3-Stop Disturbing People.

I understand that poetry is largely based upon personal emotion, but it also must be pleasurable to read even when conveying dark thoughts. Too often do I see poorly written poems about gore and abuse and other dark topics that rely on shock value to convey emotion. This is acceptable at points, but when an entire body of work is based on shocking people into feeling it becomes a burden to read and your audience dissipates quickly. Try using metaphors or wording things less literally to get your point across.

4-Don’t Search for Obscure Words to Make you Sound More Intelligent.

This is one of the worst crimes you can commit. Using long obscure words in your poetry simply to display your literary superiority is confusing to the average reader. I would much rather see a poem that uses a word that all readers can understand than one that halts the rhythm of the poem so that the reader can google what that strange synonym means. Simplicity is often the best route.

5-Try new styles.

Finally, get out of your comfort zone. People always say do one thing really well but in literature, you must do many different things and combine them to succeed. Playing with different styles can help you determine what you enjoy, as well as give you another outlook on the style you use. Innovation comes from exploration. So go ahead, show the world something new.

Happy arting,

Isaac Olajos

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5 Ways to Create a Better Character – The Non Obvious Way

IMG_2772One of the most difficult things in writing is building a character. Especially one that is able to encourage readers to experience every emotion you intended to evoke. Everyone will tell you the basics: Give them a personality, obsessions, vices, ideals, passions. Yet no one will really explain how to bring these traits seamlessly to life.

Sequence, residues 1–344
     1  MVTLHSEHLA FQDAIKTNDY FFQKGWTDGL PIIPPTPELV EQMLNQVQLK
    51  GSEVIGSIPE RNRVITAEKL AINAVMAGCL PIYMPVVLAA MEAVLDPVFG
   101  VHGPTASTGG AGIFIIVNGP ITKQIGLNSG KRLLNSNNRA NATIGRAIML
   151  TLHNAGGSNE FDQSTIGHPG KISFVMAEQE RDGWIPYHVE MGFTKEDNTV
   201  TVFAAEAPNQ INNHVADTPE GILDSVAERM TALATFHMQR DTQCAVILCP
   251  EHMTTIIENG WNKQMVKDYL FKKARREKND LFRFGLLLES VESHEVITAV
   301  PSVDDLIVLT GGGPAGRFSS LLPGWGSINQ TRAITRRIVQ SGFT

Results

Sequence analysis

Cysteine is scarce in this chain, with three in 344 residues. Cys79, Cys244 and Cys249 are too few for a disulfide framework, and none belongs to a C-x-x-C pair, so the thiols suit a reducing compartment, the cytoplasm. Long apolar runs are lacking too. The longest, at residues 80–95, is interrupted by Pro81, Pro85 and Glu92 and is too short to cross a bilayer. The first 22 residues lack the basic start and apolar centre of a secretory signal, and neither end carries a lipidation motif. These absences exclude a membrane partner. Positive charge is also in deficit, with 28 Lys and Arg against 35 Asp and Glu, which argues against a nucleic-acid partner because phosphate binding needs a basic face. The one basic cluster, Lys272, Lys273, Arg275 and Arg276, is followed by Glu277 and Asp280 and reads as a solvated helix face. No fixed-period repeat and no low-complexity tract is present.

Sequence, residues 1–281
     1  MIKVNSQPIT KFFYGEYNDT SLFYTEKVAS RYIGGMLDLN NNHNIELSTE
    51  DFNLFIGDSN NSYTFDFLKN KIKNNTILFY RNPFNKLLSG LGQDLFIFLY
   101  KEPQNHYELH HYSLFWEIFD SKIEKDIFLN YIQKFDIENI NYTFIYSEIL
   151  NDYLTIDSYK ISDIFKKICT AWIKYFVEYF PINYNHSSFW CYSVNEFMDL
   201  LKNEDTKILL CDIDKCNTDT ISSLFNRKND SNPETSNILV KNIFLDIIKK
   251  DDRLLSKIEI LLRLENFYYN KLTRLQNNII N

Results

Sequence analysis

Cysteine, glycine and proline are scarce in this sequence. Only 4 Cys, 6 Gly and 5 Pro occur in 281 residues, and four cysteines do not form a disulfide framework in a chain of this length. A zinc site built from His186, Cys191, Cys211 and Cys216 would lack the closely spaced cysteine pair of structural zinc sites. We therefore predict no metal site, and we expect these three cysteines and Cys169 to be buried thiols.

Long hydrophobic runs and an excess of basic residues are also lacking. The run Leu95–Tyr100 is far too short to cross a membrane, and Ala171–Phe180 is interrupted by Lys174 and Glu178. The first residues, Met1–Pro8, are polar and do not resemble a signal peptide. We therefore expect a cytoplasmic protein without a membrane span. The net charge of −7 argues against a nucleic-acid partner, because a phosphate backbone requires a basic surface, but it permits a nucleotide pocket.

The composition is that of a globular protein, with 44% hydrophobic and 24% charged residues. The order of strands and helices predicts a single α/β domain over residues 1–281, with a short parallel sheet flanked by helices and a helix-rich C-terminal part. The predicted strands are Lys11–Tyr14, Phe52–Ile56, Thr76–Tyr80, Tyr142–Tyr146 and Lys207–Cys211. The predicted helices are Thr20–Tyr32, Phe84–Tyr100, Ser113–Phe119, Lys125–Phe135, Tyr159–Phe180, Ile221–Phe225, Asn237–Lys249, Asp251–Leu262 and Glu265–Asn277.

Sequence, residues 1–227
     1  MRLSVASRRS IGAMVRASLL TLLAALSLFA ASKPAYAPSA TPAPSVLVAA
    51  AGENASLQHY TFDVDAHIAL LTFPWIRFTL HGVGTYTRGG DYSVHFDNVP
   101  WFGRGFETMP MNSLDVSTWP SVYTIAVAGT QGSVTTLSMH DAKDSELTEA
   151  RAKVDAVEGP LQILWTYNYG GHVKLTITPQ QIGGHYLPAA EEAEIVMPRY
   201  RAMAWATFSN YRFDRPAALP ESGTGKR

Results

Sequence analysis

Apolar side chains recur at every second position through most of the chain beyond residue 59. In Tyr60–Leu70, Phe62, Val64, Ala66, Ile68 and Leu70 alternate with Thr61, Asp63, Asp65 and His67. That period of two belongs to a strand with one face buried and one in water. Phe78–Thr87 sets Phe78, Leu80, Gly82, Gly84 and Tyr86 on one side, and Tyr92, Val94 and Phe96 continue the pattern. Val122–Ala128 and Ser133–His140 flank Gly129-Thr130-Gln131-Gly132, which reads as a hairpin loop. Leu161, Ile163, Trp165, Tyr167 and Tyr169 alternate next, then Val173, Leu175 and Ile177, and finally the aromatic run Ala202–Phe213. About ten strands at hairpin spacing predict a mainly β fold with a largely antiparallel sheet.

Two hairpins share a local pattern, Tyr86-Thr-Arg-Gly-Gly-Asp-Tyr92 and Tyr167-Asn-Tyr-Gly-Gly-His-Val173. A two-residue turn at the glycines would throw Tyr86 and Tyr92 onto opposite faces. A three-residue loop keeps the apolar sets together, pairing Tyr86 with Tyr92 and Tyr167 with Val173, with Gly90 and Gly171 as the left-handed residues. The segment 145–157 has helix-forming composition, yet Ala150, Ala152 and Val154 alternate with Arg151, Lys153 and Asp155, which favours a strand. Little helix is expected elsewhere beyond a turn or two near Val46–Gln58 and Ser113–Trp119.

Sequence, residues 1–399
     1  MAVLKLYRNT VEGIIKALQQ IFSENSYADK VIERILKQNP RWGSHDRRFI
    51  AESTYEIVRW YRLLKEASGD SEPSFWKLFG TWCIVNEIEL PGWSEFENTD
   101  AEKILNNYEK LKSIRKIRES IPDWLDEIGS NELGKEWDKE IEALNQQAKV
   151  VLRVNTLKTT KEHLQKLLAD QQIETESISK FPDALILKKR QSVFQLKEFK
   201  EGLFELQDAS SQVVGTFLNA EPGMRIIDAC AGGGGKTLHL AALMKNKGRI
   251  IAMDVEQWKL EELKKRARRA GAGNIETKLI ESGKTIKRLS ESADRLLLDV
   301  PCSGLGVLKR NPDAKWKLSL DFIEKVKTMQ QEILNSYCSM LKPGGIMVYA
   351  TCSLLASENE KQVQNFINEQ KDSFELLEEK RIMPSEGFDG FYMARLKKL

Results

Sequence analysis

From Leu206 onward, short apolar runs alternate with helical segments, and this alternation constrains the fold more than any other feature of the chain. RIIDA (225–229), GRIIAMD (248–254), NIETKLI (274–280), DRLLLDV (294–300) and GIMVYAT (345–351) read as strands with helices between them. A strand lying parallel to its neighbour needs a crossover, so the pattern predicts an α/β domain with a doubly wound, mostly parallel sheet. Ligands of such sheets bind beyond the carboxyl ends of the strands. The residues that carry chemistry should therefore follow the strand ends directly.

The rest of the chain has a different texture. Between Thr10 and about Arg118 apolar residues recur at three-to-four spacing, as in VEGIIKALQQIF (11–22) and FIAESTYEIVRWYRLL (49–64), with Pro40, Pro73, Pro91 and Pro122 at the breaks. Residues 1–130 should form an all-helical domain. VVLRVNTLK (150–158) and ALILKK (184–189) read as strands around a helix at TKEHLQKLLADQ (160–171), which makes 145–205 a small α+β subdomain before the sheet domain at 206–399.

Here are 5 suggestions on how to unify all of the elements you put into a character seamlessly:

1-Base them upon someone you know… Lavishly:

The first step for those who cannot tie a character together is to create their essence. Base the character upon someone you know, or a combination of people… with some artistic liberty. Although this may seem easy, we have to remember that we are telling a story. Unless you are friends with the Dos Equis man, it is safe to say your companions are probably quite normal. A great character cannot be normal. Their flaws must be hidden, their obsessions must be exaggerated.

2-Create your ideal self:

   If you lack the observational skills, or social interactions to effectively base a character on people that you know; your best bet is to make the protagonist  yourself. Let me rephrase that: Make the protagonist your ideal self. Make sure your character does not react in the way that you normally would, but in the way that you wish you could. Embellish your morals, fears, and passions. Make them a constant fuel for your character and it will come to life.

3-Normal, yet divine:

You must maintain your characters equilibrium between reality and tale. It is important to spark the readers intrigue in the character, giving them aspects a normal human would not have. In this, it is also important to emphasize just how human the character is. Without this, the reader will not be able to connect on a personal level to your creation. Your character must be a celebrity: Human enough to connect with, yet far enough from reach to spark intrigue.

4-Contradict personality with actions:

This has to be my favourite tool. Though your characters personality must be vital, making the story and their actions contradict their traits leaves a spot of mystery for the reader to wonder. The best example of this is from Willy Wonka and the Chocolate Factory (1971). When Willy first appears from the factory limping with a cane, everyone goes silent. They are taken aback by the normality of this fabled man. His cane then gets stuck and he proceeds to fall, roll, then spring youthfully onto his feet to the applause of the crowd. Gene Wilder (Willy Wonka) refused to do the movie unless this scene was added. His reasoning? “Because from that point on, no one will know if I am lying or telling the truth.” This use of the characters actions is vital to keep the reader guessing, but remember not to overdue it, which will disconnect your reader.